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briefing when it could reach a peak because in the uk it's already going down. is that potentially on the horizon within the united states in the next month or two? >> andrea, it is very much potential here and they're looking at the uk and what could possibly happen in the u.s. and the optimal word is what could possibly happen here and that's assuming we take the right steps to keep it under control and what's happened throughout the pandemic is these things have peaked and they started to come down fairly quickly after that and in this case it might happen as well because of the high vaccine numbers and the fact that a lot of places are getting on to these different conditions and mandates we know they can help, masking social distancing and those types of things. we certainly cannot let our guard down. you do bring up a good point about the difference between booster shots and third dosing here and that's what they're talking about right now and for those that didn't get proper immune responses and immunocompromised and versus boosters which is what the rest of us at some point will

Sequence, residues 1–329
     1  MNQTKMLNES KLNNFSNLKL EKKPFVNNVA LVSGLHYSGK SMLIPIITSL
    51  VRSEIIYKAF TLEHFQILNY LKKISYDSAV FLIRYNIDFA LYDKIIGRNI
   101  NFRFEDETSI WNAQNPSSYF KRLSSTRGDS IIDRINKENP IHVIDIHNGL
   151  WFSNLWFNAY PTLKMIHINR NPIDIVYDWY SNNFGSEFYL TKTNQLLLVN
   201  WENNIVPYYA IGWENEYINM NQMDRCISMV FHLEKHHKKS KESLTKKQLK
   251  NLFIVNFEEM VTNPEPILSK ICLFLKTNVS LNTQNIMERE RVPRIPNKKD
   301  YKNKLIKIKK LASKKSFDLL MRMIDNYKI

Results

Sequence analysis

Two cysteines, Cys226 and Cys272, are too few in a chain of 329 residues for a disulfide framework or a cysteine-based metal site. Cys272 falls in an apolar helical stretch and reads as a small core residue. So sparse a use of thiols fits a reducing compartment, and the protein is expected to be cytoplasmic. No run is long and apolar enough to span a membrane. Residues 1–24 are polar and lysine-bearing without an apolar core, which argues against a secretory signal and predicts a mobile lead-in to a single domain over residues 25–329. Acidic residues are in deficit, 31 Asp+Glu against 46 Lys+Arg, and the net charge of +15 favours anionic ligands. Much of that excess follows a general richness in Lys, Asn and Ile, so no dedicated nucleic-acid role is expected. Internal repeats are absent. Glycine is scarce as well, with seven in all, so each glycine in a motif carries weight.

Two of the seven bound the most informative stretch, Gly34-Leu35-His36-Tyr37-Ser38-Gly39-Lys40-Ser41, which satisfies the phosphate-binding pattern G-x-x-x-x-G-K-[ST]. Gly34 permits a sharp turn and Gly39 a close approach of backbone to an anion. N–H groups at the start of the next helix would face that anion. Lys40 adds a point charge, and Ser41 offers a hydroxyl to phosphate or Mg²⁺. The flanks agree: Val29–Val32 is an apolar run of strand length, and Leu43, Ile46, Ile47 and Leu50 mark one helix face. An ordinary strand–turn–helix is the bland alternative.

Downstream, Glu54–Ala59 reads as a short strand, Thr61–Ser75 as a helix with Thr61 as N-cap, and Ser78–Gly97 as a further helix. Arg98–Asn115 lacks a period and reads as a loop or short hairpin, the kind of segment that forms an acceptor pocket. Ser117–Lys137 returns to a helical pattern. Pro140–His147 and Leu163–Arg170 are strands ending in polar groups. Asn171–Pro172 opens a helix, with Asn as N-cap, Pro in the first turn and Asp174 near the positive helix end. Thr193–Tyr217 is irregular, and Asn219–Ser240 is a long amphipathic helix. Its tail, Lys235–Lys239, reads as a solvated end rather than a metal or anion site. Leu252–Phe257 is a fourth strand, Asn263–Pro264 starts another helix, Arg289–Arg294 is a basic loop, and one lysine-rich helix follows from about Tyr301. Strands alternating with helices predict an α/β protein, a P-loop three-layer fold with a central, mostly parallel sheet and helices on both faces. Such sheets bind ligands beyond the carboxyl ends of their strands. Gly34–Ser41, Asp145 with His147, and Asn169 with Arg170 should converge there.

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probably need and that's what dr. fauci has been talking about and at some point we'll need that. we just don't know when meaning we have a good response and that response has worn off over time and at some point we'll need to give that booster considering this delta variant, andrea? >> we know that the rmna vaccine production and organizations, those are designing boosters specifically for the delta variant with that spike and that would be the designer booster, so to speak, not just a third shot of what we originally got but that could be for future variants that we find. dr. hotez, i want to talk about hospitals. we are are getting updates from benecol ins on how mandates are impacting the national conversation. they write in part that the vaccination mandates have given new focus to covid deniers and